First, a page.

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Programs Can I be a Math PhD if ?

  1. Jul 18, 2005 #1
    Can I be a Math PhD if....?

    Is it possible for me to go to grad school for my Mathematics Phd if my undergrad was Applied math and economics double major and i studied pure mathematics on the side?

    thanks guys
     
  2. jcsd
  3. Jul 18, 2005 #2

    cronxeh

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    I'd think by now with a Bachelors degree you'd at least be intelligent enough to answer that question yourself
     
  4. Jul 18, 2005 #3
    i am entering my sophomore year

    good job speculating and not even bothering to ask me. thanks for being a mean spirited guy and instead of actually offering me feedback, you give me a spiteful answer

    and the reason i am asking is because i compared the applied math course list and the pure math course list and other than calculus, there isn't much crossover or similar courses.

    but the above, i take that as a yes
     
    Last edited: Jul 18, 2005
  5. Jul 18, 2005 #4
    My simple answer is 'yes' , very possible.
     
  6. Jul 18, 2005 #5

    cronxeh

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    Well if you are a sophomore I wont be devulging myself in illusions and dreams of grad schools, not until I've actually gotten the degree and passed GRE's high enough. Otherwise you are wasting people's time and your own time. Go back to study
     
  7. Jul 18, 2005 #6
    i am not wasting anyone's time. if you dont want to reply, DONT REPLY.

    how am i wasting my own time? im wasting my own time by trying to reach my own aspirations?

    yes it is back to study, thats what i do.

    enough of this, it's pointless and aggravating for both of us
     
  8. Jul 18, 2005 #7
    cool, thanks Doc :smile:
     
  9. Jul 18, 2005 #8
    Why not get a Phd in applied math? Also, if you want to get your Phd in Pure math, why not get your BS in Pure math? Or, drop the Econ major to a minor, and take a ton of math classes, both pure and applied! You are entering your sophmore year, you can easily change now.
     
  10. Jul 18, 2005 #9
    This is an open forum. He, like everyone else here, took the time to sign up and ask his question (which he has every right to do.) IMO your attitude has no place here.
     
    Last edited: Jul 18, 2005
  11. Jul 18, 2005 #10
    yeah, it was just stupid, i think both of us regret it. so whatever, i got my answer from this forum, like i always do, its a great forum. so you know, lets just move on, and keep this great forum running
     
  12. Jul 18, 2005 #11
    I agree. No need to try and belittle people.

    To the original poster, ask a professor at the math department at your school.
     
  13. Jul 18, 2005 #12
    Financial mathematics.
     
  14. Jul 18, 2005 #13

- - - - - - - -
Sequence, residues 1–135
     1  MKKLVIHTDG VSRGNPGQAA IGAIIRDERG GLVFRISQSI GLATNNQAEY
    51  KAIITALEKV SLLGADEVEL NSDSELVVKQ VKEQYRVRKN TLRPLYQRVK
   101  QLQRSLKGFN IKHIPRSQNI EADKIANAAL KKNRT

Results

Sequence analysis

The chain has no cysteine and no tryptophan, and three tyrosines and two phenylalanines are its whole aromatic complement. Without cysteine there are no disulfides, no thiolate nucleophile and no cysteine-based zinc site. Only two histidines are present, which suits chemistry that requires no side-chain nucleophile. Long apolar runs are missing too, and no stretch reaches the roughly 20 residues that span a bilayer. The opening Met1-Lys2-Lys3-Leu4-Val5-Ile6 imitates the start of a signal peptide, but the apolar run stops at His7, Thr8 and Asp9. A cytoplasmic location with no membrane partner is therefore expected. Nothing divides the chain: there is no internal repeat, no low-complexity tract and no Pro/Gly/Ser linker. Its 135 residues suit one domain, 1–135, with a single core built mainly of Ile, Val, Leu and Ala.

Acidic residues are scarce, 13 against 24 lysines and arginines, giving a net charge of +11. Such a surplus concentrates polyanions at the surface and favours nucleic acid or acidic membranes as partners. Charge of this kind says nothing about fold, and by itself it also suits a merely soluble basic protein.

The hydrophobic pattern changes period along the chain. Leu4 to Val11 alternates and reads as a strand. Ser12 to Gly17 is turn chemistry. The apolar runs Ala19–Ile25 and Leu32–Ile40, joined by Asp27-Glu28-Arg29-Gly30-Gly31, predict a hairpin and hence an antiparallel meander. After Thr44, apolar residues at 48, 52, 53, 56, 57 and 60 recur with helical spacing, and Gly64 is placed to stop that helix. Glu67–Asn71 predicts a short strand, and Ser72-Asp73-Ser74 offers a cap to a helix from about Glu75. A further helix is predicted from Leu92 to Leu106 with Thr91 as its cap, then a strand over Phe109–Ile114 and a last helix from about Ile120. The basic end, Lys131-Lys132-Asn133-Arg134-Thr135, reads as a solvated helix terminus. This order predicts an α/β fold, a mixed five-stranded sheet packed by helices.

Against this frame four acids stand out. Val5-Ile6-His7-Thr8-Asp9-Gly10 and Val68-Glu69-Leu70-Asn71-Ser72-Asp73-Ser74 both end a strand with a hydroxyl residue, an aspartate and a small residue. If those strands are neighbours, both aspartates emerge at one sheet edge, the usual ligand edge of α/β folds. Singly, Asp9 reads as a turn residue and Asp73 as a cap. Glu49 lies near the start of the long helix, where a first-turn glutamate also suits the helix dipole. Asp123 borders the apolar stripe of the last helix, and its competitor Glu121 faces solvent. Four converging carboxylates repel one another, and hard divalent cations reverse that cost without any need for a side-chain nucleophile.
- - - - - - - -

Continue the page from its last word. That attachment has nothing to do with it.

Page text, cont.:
Econ phd has a lot of math in it. I'm double majoring in puremath/econ, and plan on going to grad school for econ.

    My question for the board: I'm entering my junior year, by the way. How easy would it be to take some extra math grad classes while studying for econ phd?

    Also, what do you mean by "study pure math on the side"... not take courses? You'll need a high amount of motivation to go through texts like Rudin (Real Analysis) by yourself, or other high-level undergrad books.
     
  15. Jul 18, 2005 #14

    mathwonk

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    jasonjo,

    1) your question is poorly posed: anything is "possible".

    2) you are overly sensitive: if you think the tiny insults on this forum are abd wait till you get to math grad school. don't be so easily distracted (although a healthy ego is useful in grad school).

    3) in an attempt to answer your question, i am hampered by a lack of information. none of the things you mention are either a disqualifier or a qualifier. the main prerequisite is serious smarts and a great work ehtic.

    if you have those you can definitely do maths.

    point of information: ed witten, who won the fields medal in math a few years ago, majored in history at brandeis as an undergrad. does that answer your question as to what is possible?


    BTW: just as anyone is entitled to post any question they like on a public forum, so is anyone entitled to post any answer. so you must learn to ignore the ones that are not helpful and not be led down the garden path of arguing endlessly over who was rudest: a la miss manners.

    peace, young person.
     
    Last edited: Jul 18, 2005
  16. Jul 18, 2005 #15
    Edward Witten is kind of the inspiration for it. I believe he got his Ph.D at age 28 from Princeton?

    yeah, thanks for the input Mathwonk!
     
  17. Jul 19, 2005 #16

    mathwonk

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    you are welcome, (witten's vita on his home page implies he was only 25 at PhD time). I myself was 35.
     
  18. Jul 19, 2005 #17
    Is there a record for how old?
     
  19. Jul 19, 2005 #18
    probably in the teens from "ye oldern days"
     
  20. Jul 19, 2005 #19

    mathwonk

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    there was an 18 year old grad student at harvard when i was there. i don't know when he finished. the smartest kid in my colleague's honors calc class in college was 12. but this is irrelevant.
     
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